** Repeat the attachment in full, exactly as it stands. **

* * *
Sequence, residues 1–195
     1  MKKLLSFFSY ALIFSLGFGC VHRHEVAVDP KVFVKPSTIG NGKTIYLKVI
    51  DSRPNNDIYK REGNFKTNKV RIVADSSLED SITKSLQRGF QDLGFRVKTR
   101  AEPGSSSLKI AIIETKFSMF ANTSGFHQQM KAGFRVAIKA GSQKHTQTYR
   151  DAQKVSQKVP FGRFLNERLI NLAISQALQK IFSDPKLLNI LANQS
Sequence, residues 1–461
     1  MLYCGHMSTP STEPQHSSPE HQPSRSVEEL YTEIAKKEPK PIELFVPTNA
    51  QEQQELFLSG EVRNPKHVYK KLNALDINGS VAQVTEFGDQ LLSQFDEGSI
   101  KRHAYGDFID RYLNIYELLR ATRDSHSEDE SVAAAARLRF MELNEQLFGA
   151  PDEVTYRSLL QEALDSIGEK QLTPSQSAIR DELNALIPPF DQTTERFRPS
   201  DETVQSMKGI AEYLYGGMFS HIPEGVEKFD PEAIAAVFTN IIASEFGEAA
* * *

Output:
Sequence, residues 1–195
     1  MKKLLSFFSY ALIFSLGFGC VHRHEVAVDP KVFVKPSTIG NGKTIYLKVI
    51  DSRPNNDIYK REGNFKTNKV RIVADSSLED SITKSLQRGF QDLGFRVKTR
   101  AEPGSSSLKI AIIETKFSMF ANTSGFHQQM KAGFRVAIKA GSQKHTQTYR
   151  DAQKVSQKVP FGRFLNERLI NLAISQALQK IFSDPKLLNI LANQS
Sequence, residues 1–461
     1  MLYCGHMSTP STEPQHSSPE HQPSRSVEEL YTEIAKKEPK PIELFVPTNA
    51  QEQQELFLSG EVRNPKHVYK KLNALDINGS VAQVTEFGDQ LLSQFDEGSI
   101  KRHAYGDFID RYLNIYELLR ATRDSHSEDE SVAAAARLRF MELNEQLFGA
   151  PDEVTYRSLL QEALDSIGEK QLTPSQSAIR DELNALIPPF DQTTERFRPS
   201  DETVQSMKGI AEYLYGGMFS HIPEGVEKFD PEAIAAVFTN IIASEFGEAA